Most people refer to solar energy as any type of usable electric power that’s generated, directly or indirectly, by the sun. Solar rays are captured, processed, and converted into energy; this is true, but there are actually multiple ways to accomplish this.
The most common form of solar power used today is photovoltaic (PV) solar panels. If you picture a solar panel in your head, it’s likely a PV panel. These panels are popular because of their cost efficiency—their process of energy generation makes them far more efficient than other types of installations, especially over time, and they’ve only gotten more efficient over the last several years. Engineering breakthroughs, like well-designed solar trackers, have compounded these returns in cost efficiency and have made PV panels the clear winner in the landscape of solar energy.
However, other forms of solar power generation are creeping up on the dominance of PV panels. In PV panels, specific physical and chemical elements are exposed to photons of light. Electrons within each PV cell absorb the light energy, then become free, which eventually generates an electromotive force. In effect, direct light is capable of producing usable electricity.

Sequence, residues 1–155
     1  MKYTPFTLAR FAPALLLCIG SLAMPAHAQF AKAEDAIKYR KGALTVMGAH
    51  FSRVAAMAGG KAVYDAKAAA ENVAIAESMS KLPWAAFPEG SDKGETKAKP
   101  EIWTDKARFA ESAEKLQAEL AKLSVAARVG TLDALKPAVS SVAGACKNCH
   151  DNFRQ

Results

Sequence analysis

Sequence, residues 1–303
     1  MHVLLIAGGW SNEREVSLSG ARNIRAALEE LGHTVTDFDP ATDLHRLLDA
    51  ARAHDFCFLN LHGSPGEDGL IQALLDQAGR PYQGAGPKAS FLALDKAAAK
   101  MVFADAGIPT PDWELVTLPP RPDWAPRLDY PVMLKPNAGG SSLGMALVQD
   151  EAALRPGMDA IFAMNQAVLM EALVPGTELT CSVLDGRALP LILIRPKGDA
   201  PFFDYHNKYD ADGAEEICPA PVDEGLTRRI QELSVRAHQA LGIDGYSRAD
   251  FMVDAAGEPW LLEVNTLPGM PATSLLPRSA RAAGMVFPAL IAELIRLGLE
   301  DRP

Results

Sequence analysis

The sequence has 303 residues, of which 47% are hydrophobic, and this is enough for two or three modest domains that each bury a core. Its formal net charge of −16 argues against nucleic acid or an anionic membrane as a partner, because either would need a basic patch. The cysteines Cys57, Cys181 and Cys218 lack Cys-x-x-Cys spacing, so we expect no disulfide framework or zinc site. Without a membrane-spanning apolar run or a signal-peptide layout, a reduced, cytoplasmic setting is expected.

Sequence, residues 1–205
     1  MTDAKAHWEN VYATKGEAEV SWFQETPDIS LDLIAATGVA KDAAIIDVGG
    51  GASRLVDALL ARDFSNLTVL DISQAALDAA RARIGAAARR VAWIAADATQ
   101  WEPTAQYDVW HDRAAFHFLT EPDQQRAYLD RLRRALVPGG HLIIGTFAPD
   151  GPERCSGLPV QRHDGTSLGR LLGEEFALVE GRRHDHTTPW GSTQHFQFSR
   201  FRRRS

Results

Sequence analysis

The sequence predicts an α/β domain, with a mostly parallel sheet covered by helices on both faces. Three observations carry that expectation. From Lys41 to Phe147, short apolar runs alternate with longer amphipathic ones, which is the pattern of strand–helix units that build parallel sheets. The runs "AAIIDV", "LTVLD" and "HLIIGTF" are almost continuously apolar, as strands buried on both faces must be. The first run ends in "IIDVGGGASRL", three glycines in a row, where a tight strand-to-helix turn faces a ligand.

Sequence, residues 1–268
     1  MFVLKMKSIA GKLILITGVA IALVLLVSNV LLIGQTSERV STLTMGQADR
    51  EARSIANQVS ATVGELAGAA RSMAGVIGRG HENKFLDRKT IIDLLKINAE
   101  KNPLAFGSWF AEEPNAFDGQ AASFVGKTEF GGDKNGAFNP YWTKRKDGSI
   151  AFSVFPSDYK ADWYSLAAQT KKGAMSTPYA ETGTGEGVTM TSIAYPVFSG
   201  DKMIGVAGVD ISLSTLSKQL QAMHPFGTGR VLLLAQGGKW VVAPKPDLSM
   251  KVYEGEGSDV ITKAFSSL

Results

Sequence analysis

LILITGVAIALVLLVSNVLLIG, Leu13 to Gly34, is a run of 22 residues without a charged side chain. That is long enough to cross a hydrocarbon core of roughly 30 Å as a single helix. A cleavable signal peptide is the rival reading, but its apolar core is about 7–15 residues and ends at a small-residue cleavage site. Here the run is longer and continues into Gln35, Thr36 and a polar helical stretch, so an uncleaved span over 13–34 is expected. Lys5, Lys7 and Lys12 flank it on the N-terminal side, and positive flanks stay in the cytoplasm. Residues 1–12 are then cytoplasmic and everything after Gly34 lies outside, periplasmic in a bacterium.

Concentrating solar thermal power (CSP) uses a much different process. CSP uses a series of tiny mirrors to collectively gather and focus sunlight to a single point to generate heat. That heat is applied to a fluid, which then flows to an electrical generator. Because it does not convert light directly into electricity, it has historically been unable to match the efficiency of PV generation. However, because heat energy can be stored much more cheaply than electric energy, CSP could prove to become a major competitor in the solar power world. On the other hand the momentum of PV panels’ efficiency is showing no signs of slowing. With more companies like Solar FlexRack continue to innovate new, better products, the bottom line is that solar power will continue to become cheaper.